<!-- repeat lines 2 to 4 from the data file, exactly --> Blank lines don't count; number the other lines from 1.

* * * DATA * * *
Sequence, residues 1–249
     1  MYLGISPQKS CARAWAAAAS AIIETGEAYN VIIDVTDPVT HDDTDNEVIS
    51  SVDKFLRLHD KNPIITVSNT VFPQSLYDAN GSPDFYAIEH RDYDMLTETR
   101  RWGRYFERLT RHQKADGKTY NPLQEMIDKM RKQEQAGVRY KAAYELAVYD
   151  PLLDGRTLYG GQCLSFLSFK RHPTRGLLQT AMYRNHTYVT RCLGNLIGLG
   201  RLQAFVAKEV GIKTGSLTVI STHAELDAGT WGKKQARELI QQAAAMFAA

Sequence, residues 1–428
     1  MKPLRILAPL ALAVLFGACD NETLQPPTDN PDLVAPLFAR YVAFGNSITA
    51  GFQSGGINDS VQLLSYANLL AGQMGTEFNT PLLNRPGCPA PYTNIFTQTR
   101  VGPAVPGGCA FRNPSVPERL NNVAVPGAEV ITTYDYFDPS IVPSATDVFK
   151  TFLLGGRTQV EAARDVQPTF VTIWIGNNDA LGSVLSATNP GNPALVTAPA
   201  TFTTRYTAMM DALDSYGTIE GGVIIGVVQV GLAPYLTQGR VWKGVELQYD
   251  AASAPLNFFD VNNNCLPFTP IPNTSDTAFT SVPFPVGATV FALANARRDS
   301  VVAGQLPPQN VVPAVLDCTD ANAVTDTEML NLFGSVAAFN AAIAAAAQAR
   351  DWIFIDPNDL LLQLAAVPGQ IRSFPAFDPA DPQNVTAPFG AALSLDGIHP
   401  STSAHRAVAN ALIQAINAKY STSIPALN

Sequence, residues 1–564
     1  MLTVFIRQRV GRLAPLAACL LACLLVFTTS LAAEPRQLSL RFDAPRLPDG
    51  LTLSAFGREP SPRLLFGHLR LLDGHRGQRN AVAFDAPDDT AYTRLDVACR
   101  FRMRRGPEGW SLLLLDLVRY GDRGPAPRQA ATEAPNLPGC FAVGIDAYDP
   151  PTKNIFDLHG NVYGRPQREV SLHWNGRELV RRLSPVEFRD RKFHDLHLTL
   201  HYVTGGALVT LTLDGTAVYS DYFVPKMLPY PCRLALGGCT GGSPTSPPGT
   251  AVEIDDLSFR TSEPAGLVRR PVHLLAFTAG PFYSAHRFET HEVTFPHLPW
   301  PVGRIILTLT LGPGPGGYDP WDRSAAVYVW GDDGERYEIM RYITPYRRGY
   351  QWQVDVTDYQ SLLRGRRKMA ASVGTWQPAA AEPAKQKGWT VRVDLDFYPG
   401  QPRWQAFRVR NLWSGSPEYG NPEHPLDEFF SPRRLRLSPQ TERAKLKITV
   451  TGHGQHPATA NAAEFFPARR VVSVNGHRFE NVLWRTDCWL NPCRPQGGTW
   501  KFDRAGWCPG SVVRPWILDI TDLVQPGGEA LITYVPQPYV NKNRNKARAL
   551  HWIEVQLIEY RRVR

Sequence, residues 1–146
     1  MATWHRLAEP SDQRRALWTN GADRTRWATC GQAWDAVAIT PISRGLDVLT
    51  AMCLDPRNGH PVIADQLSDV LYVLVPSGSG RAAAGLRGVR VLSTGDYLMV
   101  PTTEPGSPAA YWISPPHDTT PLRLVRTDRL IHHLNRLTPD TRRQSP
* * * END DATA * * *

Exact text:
     1  MYLGISPQKS CARAWAAAAS AIIETGEAYN VIIDVTDPVT HDDTDNEVIS
    51  SVDKFLRLHD KNPIITVSNT VFPQSLYDAN GSPDFYAIEH RDYDMLTETR
   101  RWGRYFERLT RHQKADGKTY NPLQEMIDKM RKQEQAGVRY KAAYELAVYD